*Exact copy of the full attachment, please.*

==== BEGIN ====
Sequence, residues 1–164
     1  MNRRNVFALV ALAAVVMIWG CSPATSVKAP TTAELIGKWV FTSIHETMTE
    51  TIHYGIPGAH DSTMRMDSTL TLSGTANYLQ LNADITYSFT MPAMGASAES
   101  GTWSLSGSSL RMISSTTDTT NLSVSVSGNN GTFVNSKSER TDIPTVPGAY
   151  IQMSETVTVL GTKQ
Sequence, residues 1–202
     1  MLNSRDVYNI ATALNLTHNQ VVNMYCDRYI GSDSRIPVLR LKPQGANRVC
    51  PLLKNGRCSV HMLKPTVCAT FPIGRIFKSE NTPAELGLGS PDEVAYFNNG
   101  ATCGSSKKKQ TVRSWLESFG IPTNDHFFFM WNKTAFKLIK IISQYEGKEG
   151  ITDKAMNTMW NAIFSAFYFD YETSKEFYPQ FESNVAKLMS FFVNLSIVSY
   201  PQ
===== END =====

Sequence, residues 1–164
     1  MNRRNVFALV ALAAVVMIWG CSPATSVKAP TTAELIGKWV FTSIHETMTE
    51  TIHYGIPGAH DSTMRMDSTL TLSGTANYLQ LNADITYSFT MPAMGASAES
   101  GTWSLSGSSL RMISSTTDTT NLSVSVSGNN GTFVNSKSER TDIPTVPGAY
   151  IQMSETVTVL GTKQ
Sequence, residues 1–202
     1  MLNSRDVYNI ATALNLTHNQ VVNMYCDRYI GSDSRIPVLR LKPQGANRVC
    51  PLLKNGRCSV HMLKPTVCAT FPIGRIFKSE NTPAELGLGS PDEVAYFNNG
   101  ATCGSSKKKQ TVRSWLESFG IPTNDHFFFM WNKTAFKLIK IISQYEGKEG
   151  ITDKAMNTMW NAIFSAFYFD YETSKEFYPQ FESNVAKLMS FFVNLSIVSY
   201  PQ